--------------------------------

    Maybe none of the ones around then and there were up to the job?



    why were all the gurus of the same race if they believed in race equality?
    ----------------------------------

    Are you suggesting that they did not champion and practice the equality of the lower classes? If it doesn't matter to Sikhs what "race" their Gurus are from, why have you made it an issue?



    why did they not abolish inequality of property if they truly believed in equality?
    ---------------------------------

    They set the foundations for change, they didn't try to completely write a comprehensive manual of how society should be run. This is genius in itself as we could have ended up with astrict shariah like law book, but no the Gurus never shackled us rigidly like that.



    why did the first panj pyare (however so ordained) not feature any female members?
    -------------------------------

    It was a call to battle, most wars are fought by men. Although Sikh history shows that women can and have contributed bravely (Mai Bhago).



    why is no composition by a female to be found in sri guru granth sahib?
    ---------------------------------

    Does this mean that Sikhism suggests women are not considered as worthy of respect in its doctrines?



    you must have positive answers to each of these questions. i await your response.
    -----------------------------------

    You want positive answers but all of your questions are negative. I think you need to be careful of confusing gender equality with the notion that women and men are not different in any way. There are obvious physical and possibly some psychological differences owing to a number of biological and possibly environmental factors. Realise this.

    With all respect.
     
  6. skeptik

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    I've read through the extract and enjoyed it much. Now that i've seen it, i'm sure i've come across such writings before, in my studies of sikhi. As far as i can see the only relevance the excerpt could have on this discussion is that it references in Banda Singh's army a)a mixed composition of castes, b) a mixture of bearded/non-bearded men, and perhaps c) men of differing social and/or economic classes.

    Supposing this is true, It doesnt say one way or the other, what the Sikh Gurus felt on equality - whether the above can be considered equality - and whether this equality if so understood actually existed during the gurus time - and not afterwards, as this excerpt describes. If you wish to potray Banda Singh's army as some revolutionary force driven by ideology (as you describe in your post), then all the power to you, but this is seperate from the actual debate on sikh principles and sikh history as conceived and unravelled during the Gurus time. Banda Singh's army might have been in every way sikh to the core - but we cannot know this for sure, and it must be demonstrated before hand, but this will take us far from the immediate topic.

    The answer that there were no females at all to be found in the period spanning roughly two hundred years (1500-1700) who could be considered worthy of sikh guruship is interesting for two reasons. Firstly there is no known record of any female being considered for the position - considered and coming up short is fine, but even such a record cannot be found.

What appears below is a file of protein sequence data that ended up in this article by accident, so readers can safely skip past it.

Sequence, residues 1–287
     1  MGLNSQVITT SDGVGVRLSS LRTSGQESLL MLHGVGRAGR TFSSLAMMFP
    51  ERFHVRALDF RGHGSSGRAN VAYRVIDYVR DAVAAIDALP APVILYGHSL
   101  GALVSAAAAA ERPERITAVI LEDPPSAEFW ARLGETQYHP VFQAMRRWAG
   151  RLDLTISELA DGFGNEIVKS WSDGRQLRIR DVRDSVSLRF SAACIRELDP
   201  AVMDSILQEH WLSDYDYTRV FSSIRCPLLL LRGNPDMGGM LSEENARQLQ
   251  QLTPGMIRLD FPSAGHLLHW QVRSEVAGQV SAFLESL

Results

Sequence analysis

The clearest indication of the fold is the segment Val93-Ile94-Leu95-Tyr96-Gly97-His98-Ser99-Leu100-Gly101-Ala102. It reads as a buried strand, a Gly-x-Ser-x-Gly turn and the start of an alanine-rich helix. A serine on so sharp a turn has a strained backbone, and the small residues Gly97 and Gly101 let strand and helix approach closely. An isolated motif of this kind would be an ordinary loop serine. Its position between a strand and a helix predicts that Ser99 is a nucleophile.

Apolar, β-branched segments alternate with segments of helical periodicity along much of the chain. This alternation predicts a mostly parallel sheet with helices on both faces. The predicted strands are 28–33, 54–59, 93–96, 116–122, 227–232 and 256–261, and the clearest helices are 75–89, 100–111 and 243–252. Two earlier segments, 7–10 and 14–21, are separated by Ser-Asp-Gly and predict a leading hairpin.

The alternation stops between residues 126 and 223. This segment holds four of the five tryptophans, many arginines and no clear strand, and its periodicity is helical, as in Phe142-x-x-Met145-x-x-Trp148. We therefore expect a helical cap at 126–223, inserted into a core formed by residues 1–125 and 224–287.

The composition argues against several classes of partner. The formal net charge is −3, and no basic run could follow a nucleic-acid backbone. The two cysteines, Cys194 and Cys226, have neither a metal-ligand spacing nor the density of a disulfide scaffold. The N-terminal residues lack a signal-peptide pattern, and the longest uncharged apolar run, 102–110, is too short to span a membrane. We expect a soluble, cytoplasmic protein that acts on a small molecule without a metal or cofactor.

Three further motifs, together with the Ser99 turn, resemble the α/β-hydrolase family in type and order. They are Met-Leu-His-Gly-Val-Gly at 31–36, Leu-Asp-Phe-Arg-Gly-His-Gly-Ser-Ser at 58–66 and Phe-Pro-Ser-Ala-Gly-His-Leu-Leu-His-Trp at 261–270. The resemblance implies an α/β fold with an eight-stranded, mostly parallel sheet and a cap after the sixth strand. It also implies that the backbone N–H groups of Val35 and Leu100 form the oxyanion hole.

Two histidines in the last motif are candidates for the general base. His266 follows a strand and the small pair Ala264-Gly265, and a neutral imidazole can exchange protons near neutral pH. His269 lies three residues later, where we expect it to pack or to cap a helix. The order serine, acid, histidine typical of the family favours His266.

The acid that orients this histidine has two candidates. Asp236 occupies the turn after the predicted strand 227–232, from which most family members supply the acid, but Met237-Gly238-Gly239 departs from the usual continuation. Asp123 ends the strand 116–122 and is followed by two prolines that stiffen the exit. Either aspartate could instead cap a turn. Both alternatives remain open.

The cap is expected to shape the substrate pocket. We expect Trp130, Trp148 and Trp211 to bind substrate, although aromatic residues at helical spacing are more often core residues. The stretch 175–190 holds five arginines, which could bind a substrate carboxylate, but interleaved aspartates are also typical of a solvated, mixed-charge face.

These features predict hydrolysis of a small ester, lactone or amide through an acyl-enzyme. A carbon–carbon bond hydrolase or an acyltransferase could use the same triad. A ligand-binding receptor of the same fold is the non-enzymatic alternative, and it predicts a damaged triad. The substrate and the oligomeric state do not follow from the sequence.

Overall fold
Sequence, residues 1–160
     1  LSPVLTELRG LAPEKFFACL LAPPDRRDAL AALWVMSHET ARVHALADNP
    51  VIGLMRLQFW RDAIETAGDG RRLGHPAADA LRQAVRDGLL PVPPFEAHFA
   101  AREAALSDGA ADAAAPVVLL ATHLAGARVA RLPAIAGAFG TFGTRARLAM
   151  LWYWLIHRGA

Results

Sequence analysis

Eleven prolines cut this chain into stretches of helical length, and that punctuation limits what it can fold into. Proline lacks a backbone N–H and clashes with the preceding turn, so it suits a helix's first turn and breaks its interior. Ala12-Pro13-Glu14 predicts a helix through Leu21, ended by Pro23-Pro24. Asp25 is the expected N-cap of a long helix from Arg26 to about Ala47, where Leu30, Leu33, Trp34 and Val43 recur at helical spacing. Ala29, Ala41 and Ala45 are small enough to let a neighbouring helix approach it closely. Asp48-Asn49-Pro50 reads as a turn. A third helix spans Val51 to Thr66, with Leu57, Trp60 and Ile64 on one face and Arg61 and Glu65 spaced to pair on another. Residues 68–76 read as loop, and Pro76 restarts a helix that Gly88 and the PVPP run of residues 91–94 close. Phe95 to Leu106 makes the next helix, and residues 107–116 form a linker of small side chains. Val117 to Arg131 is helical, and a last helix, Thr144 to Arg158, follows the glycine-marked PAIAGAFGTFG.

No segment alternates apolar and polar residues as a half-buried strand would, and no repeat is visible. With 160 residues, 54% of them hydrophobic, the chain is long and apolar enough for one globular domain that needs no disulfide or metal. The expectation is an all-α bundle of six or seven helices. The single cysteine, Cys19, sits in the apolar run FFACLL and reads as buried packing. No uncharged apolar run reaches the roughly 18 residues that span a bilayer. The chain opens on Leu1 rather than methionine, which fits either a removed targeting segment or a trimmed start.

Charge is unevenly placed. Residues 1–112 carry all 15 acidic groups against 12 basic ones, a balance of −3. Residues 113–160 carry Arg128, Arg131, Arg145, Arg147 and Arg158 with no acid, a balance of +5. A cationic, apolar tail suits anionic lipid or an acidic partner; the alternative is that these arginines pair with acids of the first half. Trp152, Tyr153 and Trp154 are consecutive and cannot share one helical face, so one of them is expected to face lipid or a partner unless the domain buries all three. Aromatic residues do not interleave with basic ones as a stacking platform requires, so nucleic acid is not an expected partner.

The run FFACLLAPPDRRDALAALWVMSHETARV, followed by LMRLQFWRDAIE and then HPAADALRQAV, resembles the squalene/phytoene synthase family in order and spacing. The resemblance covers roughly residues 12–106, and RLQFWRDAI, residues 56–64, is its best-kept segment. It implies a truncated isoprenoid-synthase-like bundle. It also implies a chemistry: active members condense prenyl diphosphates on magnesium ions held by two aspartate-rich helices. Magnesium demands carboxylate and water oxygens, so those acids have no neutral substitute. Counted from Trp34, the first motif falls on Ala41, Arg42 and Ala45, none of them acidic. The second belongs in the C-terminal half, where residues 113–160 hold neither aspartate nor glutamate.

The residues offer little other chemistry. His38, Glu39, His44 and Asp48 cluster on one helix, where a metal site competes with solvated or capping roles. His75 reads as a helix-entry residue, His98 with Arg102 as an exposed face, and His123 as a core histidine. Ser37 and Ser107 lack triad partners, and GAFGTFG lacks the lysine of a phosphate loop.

For instance while we know that Baba Budda, a great revered figure in the history of Sikhism was a possible candidate for the throne, we know that even he was never worthy of the position, and yet history makes no mention of any female in such a consideration. Perhaps the simplest answer is that a female was never considered or could be considered, simply because only a male guru could and did reign. This would be in line with conservative thought that only males held positions of such great influence, and certainly in accordance with history that there have only been male prophets or gurus throughout the ages.

    Supposing though, that your claim is true that in two hundred years there wasnt a single woman who was saintly enough in recorded history for us to consider a possible candidate for guruship. Can one then avoid the rational summation that women are in some definite way incapable of holding the position based on our past historical experience? If you disagree you would have to demonstrate otherwise with examples to the contrary, but none will exist, so you will have to speak about potentialities.

    But potentialities alone do not settle the matter, for potentially a child could be guru, and then we find in Sikh history, that yes, there was such a time when a child was guru. But if we have accepted your explanation that no woman became guru because of insufficient merit, then you would have to explain why a five year old had sufficient merit to become guru Harkrishan but no woman in two hundred years could qualify by potentiality. A five year old could hardly have lived long enough to accumulate more merit than any single woman in the 200 year period thus.

    You will find the simplest explanation is simply that the sikh Gurus were conservative in their practice, and did not consider women as successors. There is nothing wrong with this explanation - morally or historically, and any counterargument in terms of merit only speaks to the conservative case, not against it.
     
    #5 skeptik, Sep 7, 2006
    Last edited: Sep 7, 2006
  7. skeptik2

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    My Question: why were all the gurus of the same race if they believed in race equality?